• Old Great North Road - World Heritage walk Old Great North Road – World Heritage walk highlights a historic convict-built road with scenic river views, via Finchs Line, in Dharug National Park.

Plants and animals you may see

Animals

  •  Superb lyrebird, Minnamurra Rainforest, Budderoo National Park. Photo: David Finnegan

    Superb lyrebird (Menura novaehollandiae)

    With a complex mimicking call and an elaborate courtship dance to match, the superb lyrebird is one of the most spectacular Australian animals. A bird watching must-see, the superb lyrebird can be found in rainforests and wet woodlands across eastern NSW and Victoria.

  • Australian brush turkey, Dorrigo National Park. Photo: Rob Cleary

    Australian brush turkey (Alectura lathami)

    The Australian brush turkey, also known as bush or scrub turkey, can be found in rainforests along eastern NSW. With a striking red head, blue-black plumage and booming call, these distinctive Australian birds are easy to spot while bird watching in several NSW national parks.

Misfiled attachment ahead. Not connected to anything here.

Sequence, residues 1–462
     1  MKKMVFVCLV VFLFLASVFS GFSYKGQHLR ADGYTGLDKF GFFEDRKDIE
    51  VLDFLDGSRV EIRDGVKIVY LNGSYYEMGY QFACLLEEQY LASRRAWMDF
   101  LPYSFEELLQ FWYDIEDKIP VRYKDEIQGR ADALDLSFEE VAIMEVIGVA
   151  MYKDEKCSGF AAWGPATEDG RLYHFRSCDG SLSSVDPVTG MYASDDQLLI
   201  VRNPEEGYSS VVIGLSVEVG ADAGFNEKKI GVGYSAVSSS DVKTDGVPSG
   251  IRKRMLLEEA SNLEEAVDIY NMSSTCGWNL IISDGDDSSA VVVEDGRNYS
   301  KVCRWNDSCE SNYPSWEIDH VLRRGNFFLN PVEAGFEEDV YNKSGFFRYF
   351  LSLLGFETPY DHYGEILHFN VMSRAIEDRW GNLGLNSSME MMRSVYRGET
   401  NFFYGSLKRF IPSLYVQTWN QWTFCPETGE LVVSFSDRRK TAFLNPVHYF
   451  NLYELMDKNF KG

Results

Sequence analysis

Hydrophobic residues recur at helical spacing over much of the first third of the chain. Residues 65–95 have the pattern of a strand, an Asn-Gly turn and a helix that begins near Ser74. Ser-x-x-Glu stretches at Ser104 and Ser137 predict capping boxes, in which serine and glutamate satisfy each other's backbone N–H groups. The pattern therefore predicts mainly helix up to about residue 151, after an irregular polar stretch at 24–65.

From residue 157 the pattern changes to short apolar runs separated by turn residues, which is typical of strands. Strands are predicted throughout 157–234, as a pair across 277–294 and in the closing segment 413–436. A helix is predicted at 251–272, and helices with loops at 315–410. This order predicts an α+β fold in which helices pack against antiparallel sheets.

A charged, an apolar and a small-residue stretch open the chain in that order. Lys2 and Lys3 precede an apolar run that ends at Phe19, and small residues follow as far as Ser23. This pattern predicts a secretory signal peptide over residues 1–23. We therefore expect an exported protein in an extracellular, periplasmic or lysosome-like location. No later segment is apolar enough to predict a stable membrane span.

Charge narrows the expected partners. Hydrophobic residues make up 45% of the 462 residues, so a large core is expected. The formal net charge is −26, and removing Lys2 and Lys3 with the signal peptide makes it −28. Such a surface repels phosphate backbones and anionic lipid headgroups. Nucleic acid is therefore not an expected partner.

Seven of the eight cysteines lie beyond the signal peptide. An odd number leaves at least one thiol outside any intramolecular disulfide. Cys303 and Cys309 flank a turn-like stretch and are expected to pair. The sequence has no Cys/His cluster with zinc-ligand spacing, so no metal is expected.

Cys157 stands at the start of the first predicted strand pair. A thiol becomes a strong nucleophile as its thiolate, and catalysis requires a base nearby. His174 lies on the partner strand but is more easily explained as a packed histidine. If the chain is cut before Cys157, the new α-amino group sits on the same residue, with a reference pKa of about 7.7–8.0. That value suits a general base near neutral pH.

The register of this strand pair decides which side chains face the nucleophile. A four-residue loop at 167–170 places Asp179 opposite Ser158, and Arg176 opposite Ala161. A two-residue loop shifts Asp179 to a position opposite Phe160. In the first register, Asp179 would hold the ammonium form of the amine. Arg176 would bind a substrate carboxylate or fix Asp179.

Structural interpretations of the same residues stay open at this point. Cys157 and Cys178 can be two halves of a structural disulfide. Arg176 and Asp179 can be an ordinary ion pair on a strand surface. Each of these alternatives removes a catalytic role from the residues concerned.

• Common wombat. Photo: Keith Gillett

    Common wombat (Vombatus ursinus)

    A large, squat marsupial, the Australian common wombat is a burrowing mammal found in coastal forests and mountain ranges across NSW and Victoria. The only other remaining species of wombat in NSW, the endangered southern hairy-nosed wombat, was considered extinct until relatively recently.

  • Lace monitor, Daleys Point walking track, Bouddi National Park. Photo: John Yurasek

    Lace monitor (Varanus varius)

    One of Australia’s largest lizards, the carnivorous tree-dwelling lace monitor, or tree goanna, can grow to 2m in length and is found in forests and coastal tablelands across eastern Australia. These Australian animals are typically dark blue in colour with whitish spots or blotches.

Plants

  • Gymea lily. Photo: Simone Cottrell

    Gymea lily (Doryanthes excelsa)

    The magnificent Gymea lily is one of the most unusual Australian native plants, found only along the coast and surrounding bushland of the Sydney Basin, from Newcastle to Wollongong. In spring this giant lily shoots out spectacular red flowers that can reach heights of 2-4m.

Environments in this park

Education resources (1)